Two years after the shutdown of its epoch-making Large Hadron Collider (LHC), the God Particle hunt by CERN resumed on Sunday at 10:41 AM local time.
The physics particle search tunnel was closed for refurbishment after it found the first instance of Higgs Boson particle, known as God’s Particle in popular parlance in 2012.
With a proton beam back in the 27-kilometer ring, another followed at 12.27pm by a second beam rotating in the opposite direction and both circulated at 450 GeV energy, said CERN. In few days all systems will be increased to their full energy of the beams.
“Operating accelerators for the benefit of the physics community is what CERN1’s here for,” said CERN Director-General Rolf Heuer. “Today, CERN’s heart beats once more to the rhythm of the LHC.”
In the last two years, some 10,000 electrical interconnections between the magnets were consolidated and a magnet protection system was added, while cryogenic, vacuum and electronics were improved and strengthened. Now, the beams will be set to produce more collisions by bunching protons closer together, with the time gap between the bunches reduced from 50 nanoseconds to 25 nanoseconds.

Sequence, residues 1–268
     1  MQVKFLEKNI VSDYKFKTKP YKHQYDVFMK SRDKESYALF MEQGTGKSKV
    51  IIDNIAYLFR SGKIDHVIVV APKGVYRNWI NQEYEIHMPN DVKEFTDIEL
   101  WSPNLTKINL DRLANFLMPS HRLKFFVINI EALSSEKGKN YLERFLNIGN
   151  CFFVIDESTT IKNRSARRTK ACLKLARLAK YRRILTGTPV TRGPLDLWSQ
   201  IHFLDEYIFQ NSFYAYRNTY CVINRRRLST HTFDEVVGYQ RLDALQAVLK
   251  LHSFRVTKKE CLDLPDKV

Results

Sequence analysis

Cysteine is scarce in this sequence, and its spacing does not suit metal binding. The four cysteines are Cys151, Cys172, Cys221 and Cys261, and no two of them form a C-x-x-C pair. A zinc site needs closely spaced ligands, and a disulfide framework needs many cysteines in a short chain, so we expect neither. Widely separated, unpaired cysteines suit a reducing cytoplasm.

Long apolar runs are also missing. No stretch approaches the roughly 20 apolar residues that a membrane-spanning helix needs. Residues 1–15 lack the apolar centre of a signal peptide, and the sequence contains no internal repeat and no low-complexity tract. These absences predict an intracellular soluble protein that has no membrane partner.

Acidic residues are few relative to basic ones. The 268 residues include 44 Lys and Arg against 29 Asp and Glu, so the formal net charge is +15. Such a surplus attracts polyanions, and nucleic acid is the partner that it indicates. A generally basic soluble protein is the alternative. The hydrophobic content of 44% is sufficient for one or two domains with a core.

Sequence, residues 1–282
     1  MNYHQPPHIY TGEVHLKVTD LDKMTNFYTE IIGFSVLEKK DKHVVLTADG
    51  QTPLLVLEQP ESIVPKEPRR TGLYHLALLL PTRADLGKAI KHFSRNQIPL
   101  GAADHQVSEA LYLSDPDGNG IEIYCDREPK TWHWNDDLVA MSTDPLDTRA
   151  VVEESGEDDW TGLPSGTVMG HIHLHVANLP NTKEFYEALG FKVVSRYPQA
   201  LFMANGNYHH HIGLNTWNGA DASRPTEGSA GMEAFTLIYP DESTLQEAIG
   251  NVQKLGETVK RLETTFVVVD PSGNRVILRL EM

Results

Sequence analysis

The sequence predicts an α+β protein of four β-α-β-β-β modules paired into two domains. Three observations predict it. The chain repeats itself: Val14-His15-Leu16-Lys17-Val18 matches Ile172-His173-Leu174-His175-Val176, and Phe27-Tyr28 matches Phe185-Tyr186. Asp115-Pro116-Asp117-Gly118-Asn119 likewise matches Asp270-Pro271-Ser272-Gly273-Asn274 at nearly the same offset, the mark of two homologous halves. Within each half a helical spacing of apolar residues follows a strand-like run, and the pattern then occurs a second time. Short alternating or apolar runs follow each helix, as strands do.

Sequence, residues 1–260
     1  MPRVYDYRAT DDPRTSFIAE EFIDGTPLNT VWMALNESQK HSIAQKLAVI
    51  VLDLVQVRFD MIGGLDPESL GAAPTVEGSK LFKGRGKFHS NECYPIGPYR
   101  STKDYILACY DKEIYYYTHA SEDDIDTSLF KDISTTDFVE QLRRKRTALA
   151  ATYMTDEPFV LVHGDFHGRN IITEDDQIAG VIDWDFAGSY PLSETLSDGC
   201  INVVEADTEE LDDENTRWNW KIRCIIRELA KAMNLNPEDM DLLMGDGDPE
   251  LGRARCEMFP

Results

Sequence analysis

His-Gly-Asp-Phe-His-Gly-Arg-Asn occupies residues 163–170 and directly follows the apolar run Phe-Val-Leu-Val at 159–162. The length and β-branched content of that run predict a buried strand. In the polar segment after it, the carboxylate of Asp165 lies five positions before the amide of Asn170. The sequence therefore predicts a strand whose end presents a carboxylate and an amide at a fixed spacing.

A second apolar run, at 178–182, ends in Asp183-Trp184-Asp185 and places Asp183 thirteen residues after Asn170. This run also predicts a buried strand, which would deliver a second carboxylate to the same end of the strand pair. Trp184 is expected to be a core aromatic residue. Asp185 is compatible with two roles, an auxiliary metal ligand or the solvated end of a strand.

The LHC is now entering its crucial stage compared to last time with double energy than that of season 1 from 6.5 TeV per beam to 13 TeV. The proton-proton collisions expected before summer, preferably by June this year, hopes CERN’s LHC team.
In addition, the LHC experiments will be exploring uncharted territory such as the Brout-Englert-Higgs mechanism, dark matter, antimatter and quark-gluon plasma during the LHC season 2.
Their discovery of the Higgs boson in 2012 by the ATLAS and CMS collaborations, will now help physicists to put together the Standard Model of particle physics to its most stringent test yet — searching beyond the well-established theory on particles and their interactions.
During the running of the LHC, operators work in shifts around the clock in the control room. They will attempt to circulate beams in the LHC in both directions, at their injection energy of 450 GeV, as soon as all the lights are green.
Particle collisions at an energy of 13 TeV could start as early as June, said CERN in a statement.